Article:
Hybridization is about doing what bees already do and have done for eons — naturally crossing fruits and vegetables to create novel new flavours
Apricots, peaches, pears, nectarines, plums and cherries. The glorious colours and tastes of summer. And how about those Plumcots or Pluots or Apriums, Peacotums, Mango-Nectarines, Cherry-Plums or Pluerries? These hybrids (or complex hybrids if there are more than two fruits involved) are also in many produce departments, adding a variety that can sometimes stop you in your tracks.
The breeders behind these hybrids — and in vegetables, too — are passionate about what they do. They must be since this kind of work demands a lifetime commitment before you’ll see the, um, fruits of your labour. Floyd Zaiger, the California breeder behind Zaiger Inc. Genetics and the famous Pluot (a plum-apricot hybrid) began work on the hybrid back in the late 1950s, according to his daughter Leith Gardner, and didn’t produce a commercial Pluot fruit tree until 1992.
How does it happen?
It begins simply enough. You dust the pollen from one flower onto the stigma of the other flower. Then the hard part — in stone fruits — begins. You let the flower grow into a fruit and collect the seeds, says Jay Subramanian. The associate professor of Tree Fruit Breeding and Biotechnology at the University of Guelph, who also works at the Vineland Innovation Research Station, says the seeds often take about a year to germinate. Once they germinate, you can plant them in the field where it will take another four or five years before they flower and fruit. Breeders are private about how they work, adds Subramanian, but he estimates they conduct thousands of crosses before they get a decent fruit and seeds they can use.
With vegetables, the process is much shorter because of the plants’ short life spans. Most vegetables, says Subramanian, will go from seed to seed in about a year. Most cucumbers, tomatoes, eggplants and peppers on the market today are hybrids. Green and orange cauliflower are also the result of ambitious hybrids.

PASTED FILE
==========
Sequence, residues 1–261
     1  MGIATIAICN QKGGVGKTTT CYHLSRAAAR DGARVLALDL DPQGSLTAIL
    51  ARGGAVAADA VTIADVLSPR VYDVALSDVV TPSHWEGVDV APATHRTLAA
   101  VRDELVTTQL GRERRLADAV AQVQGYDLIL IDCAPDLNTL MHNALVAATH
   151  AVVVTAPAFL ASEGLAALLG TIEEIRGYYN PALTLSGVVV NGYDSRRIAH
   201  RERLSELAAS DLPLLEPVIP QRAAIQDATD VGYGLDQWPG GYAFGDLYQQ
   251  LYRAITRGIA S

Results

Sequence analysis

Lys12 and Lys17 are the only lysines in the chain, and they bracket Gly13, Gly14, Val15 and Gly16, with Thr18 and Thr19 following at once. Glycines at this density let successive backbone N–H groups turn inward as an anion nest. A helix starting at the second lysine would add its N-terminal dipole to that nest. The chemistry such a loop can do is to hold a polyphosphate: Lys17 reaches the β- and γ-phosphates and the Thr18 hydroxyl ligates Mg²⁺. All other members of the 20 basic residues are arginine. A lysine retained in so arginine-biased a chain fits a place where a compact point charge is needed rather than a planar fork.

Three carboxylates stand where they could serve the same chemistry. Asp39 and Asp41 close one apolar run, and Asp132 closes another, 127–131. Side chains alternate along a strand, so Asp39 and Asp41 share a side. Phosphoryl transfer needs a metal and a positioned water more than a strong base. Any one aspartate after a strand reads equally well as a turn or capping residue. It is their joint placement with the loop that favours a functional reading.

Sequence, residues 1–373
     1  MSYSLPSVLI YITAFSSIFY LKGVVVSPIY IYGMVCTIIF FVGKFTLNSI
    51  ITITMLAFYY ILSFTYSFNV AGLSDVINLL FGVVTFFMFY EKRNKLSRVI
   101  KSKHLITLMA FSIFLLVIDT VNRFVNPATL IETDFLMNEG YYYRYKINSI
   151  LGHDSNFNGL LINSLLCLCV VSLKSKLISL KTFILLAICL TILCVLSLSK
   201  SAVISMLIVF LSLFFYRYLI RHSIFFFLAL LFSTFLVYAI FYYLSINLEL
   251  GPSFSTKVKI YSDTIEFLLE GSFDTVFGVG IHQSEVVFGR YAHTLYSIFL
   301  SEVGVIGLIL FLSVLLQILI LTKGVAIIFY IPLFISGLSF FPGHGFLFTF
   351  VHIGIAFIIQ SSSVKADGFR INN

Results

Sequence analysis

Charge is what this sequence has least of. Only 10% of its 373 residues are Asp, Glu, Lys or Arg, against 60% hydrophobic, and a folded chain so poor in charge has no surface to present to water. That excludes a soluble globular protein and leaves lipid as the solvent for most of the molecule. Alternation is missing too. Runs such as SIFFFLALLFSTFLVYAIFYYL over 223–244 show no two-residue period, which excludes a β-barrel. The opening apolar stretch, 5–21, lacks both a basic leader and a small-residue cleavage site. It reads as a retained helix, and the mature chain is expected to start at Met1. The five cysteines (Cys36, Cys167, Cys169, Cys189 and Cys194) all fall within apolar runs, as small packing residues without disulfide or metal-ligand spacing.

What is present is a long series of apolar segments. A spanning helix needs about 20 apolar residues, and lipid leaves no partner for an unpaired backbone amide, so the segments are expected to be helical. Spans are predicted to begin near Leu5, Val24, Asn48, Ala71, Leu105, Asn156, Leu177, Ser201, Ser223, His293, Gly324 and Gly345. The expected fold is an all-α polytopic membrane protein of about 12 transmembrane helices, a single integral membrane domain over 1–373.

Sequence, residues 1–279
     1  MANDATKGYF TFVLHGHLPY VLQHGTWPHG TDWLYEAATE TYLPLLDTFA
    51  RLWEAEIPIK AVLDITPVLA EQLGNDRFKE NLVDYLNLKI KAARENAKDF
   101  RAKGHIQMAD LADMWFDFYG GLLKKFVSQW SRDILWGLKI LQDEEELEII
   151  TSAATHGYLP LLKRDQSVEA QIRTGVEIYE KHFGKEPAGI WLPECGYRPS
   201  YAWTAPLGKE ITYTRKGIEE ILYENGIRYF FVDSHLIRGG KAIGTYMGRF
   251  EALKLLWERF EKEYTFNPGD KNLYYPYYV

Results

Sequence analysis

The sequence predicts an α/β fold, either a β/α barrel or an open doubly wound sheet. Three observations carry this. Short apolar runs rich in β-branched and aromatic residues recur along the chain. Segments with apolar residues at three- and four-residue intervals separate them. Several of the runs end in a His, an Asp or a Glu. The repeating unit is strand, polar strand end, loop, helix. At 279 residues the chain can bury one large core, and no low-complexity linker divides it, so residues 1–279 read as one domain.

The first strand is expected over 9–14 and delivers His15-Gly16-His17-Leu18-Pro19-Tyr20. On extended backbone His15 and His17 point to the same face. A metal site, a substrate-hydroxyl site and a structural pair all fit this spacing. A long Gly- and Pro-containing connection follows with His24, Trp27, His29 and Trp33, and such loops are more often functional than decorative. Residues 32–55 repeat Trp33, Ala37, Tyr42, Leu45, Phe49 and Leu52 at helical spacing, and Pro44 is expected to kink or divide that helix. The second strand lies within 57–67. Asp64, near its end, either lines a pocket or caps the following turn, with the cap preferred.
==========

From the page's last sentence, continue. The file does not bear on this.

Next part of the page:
So is this type of plant crossing the same as genetic modification? Not at all, says Doug Phillips of Visalia, Calif.-based Phillips Farms, which grows Peacotums (a peach-apricot-plum mix). “[Hybrids] are what you call open cross pollenization. It’s strictly coming from an open cross between a flower and a pollen source,” he says. “You certainly don’t go in and inject a new gene or modify a gene.”
Why does the market need hybrids?
In Leith Gardner’s opinion “you can’t beat a really good [hybrid] plum.” Gardner works at Zaiger Inc. Genetics in Modesto, Calif. with her brothers, extended family and dad Floyd. She adds that hybrid apricots, for instance, are more adaptable and can be grown in different zones. She explains that her father’s motivation when he first began breeding was “to improve the flavour, and to create something new and unique.”
The uniqueness and novelty of these fruits and vegetables does pique consumers’ interest. And although there’s often a premium price attached, many consumers don’t seem to mind.
What crossing can’t do is boost the nutrition content of fruits and vegetables. Zannat Reza, a Toronto-based registered dietitian and nutrition consultant, doesn’t think they’re nutritionally better than regular fruit. “There’s nothing magical about hybrids,” she says. “My bottom line is people need to eat enough fruits and vegetables (seven to 10 servings) a day.”